So I happened to get an e-mail a few days ago giving me a link to CampusBuddy.com's results on the grade distribution here at UVA. You can't find a similar one for my alma mater, so I didn't know what to expect, exactly.
Maybe I shoudn't be surprised, but it seems that 78% of grades given at UVA are at least a B, and 47% of grades given are at least an A-. In fact, all the grades less than a B-, i.e. C+ down through F, constitute a mere 14% of grades given.
There are almost as many A+'s (7% of all grades) as there are C's and C+'s combined (9%), which is far more than the total of D+'s down through F's (a mere 3%).
UVA students are, for the most part, really smart, so on the one hand, this amazing grade distribution makes some sort of sense. On the other hand, doesn't that mean an 'A' is worth a lot less? Almost half the grades given are at least an A-. Even the A+ just doesn't seem to mean a whole lot.
I know people who complain about grade inflation are usually seen as crabby students who came from private schools, but hear me out.
There are two issues at stake. One is that students aren't being challenged enough. If it's that common to get an A, perhaps it is because professors aren't willing to give assignments that require more creative or original thinking.
The other issue is that grade inflation seems to make the world more competitive in the long run. I see this in high school, anyway. Just because you're smart, you still can't differentiate yourself from your peers without participating in 1000 different activities to boost your resume. You have to stand out, and doing well in classes isn't nearly enough. I would have to guess this has some similar affect on college students, as well.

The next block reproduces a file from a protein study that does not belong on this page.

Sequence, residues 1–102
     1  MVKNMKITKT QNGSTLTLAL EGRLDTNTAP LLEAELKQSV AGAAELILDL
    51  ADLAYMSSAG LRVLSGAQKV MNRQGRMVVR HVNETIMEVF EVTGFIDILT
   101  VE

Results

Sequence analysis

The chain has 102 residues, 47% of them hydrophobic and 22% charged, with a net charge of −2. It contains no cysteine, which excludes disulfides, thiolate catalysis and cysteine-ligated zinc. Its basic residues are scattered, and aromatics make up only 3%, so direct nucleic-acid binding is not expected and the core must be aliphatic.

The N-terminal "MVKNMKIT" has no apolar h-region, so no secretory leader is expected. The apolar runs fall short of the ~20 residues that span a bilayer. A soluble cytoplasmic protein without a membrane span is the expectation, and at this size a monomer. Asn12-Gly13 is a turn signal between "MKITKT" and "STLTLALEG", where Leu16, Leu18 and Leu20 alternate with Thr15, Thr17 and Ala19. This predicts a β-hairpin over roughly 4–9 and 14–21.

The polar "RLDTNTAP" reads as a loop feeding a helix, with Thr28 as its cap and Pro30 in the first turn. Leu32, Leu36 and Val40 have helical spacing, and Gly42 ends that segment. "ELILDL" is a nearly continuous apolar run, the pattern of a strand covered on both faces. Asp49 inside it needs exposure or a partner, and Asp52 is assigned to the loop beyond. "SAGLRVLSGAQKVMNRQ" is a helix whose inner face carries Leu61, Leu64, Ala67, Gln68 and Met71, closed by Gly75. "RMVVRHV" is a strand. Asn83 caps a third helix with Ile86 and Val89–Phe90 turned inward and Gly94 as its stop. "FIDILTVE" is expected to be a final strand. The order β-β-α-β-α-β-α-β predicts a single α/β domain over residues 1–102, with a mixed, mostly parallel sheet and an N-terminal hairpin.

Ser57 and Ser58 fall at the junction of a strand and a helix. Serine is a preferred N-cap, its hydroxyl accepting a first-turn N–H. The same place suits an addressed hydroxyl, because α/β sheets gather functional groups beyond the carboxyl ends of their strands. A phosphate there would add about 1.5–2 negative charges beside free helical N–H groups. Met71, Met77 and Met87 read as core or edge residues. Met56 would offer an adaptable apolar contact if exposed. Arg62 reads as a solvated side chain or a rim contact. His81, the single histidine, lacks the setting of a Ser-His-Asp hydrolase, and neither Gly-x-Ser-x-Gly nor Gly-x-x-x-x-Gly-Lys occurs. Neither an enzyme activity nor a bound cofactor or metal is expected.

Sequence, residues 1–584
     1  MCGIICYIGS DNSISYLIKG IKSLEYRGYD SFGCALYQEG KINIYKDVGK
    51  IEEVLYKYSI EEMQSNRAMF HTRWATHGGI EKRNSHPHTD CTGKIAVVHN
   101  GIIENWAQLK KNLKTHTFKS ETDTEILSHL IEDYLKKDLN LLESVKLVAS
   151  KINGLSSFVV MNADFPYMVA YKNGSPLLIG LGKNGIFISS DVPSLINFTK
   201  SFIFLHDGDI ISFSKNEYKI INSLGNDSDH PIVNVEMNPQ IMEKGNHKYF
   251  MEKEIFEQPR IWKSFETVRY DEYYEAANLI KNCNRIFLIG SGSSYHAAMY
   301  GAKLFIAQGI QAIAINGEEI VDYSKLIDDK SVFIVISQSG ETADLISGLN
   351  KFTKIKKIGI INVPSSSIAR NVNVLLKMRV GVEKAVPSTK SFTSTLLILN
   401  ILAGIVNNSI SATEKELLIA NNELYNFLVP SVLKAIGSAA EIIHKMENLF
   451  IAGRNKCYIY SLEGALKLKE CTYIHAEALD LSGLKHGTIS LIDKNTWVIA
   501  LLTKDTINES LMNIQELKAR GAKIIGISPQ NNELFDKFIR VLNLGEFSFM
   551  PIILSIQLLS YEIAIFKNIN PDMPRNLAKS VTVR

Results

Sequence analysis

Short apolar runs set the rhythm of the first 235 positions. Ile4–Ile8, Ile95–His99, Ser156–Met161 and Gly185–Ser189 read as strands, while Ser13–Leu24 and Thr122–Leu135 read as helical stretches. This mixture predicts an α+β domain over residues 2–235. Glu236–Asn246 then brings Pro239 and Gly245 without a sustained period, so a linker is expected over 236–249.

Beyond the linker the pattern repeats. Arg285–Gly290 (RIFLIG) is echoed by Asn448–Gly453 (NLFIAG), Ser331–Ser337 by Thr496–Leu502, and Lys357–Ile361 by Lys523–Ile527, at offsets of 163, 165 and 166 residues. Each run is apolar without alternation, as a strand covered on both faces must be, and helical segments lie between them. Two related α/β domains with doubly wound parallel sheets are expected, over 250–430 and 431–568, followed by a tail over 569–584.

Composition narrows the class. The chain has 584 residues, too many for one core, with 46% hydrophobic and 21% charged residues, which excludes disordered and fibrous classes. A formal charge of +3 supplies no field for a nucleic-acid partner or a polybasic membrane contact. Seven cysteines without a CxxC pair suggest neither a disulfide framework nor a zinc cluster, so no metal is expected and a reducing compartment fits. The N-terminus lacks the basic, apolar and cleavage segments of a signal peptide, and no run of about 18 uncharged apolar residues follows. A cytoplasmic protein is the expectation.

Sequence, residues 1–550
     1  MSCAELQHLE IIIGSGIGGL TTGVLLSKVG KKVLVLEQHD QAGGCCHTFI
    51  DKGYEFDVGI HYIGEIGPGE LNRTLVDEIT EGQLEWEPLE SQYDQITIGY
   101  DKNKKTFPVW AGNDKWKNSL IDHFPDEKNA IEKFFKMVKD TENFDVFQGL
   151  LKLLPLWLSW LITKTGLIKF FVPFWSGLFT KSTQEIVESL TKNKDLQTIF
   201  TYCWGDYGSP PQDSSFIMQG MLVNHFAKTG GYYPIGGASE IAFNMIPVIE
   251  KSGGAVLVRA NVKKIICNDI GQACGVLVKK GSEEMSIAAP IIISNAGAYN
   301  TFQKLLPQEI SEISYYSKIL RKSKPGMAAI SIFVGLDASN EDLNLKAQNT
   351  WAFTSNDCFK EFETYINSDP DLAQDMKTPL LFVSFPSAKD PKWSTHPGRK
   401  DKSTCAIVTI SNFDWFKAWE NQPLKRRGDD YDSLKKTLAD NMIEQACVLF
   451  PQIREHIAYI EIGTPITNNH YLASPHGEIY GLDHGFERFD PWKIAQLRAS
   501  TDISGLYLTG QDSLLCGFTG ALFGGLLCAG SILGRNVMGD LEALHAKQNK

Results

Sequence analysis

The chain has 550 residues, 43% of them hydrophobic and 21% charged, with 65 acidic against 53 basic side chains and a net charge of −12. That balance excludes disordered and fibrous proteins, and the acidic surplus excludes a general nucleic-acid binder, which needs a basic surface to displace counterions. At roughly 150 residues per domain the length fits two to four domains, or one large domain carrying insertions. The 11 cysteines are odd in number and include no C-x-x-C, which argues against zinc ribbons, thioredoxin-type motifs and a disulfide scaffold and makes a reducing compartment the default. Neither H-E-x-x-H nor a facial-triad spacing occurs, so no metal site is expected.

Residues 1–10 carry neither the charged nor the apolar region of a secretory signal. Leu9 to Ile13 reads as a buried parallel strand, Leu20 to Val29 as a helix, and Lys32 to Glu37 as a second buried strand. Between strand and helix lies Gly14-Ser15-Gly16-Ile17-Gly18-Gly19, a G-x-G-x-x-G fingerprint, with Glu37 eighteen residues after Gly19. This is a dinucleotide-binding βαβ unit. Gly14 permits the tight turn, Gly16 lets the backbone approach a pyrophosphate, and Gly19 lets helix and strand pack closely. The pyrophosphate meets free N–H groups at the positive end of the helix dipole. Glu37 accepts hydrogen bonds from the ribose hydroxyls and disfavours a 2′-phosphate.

Additionally, you get the problem that if grades are not efficient means by which to differentiate yourself from your peers, then you probably aren't going to focus on your coursework as much as other things. Is this really what universities are intending? Some of them may be. I guess there's something to be said for the university to be a forum for student activism, etc. rather than be strictly a learning institution. I guess I'm a little old fashioned; I still like the idea of the university as simply a learning institution.
But I suppose there's no turning back from the American system as we know it. The demand these days is more for preparation for the "real world," and not so much for education in a more traditional sense. So I suppose that skills like convincing your professor to bump that B+ up to an A-, asking for extensions on homework and extra credit to make up failed assignments, and learning to differentiate between important classes and freebies are much more valuable these days than simply learning things like philosophy, literature, mathematics, history, and science. The latter honestly don't get you as far in the "real world."
I guess the only thing that gets me is how people are willing to spend more and more for an education that actually means less and less.